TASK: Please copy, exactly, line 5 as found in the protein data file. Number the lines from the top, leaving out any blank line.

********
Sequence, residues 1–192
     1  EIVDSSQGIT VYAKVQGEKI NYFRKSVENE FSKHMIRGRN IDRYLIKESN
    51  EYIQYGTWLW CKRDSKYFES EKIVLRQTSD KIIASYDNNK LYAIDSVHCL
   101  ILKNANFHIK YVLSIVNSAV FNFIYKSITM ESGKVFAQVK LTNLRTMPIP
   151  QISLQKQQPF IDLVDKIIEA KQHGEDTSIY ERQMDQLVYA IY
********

   151  QISLQKQQPF IDLVDKIIEA KQHGEDTSIY ERQMDQLVYA IY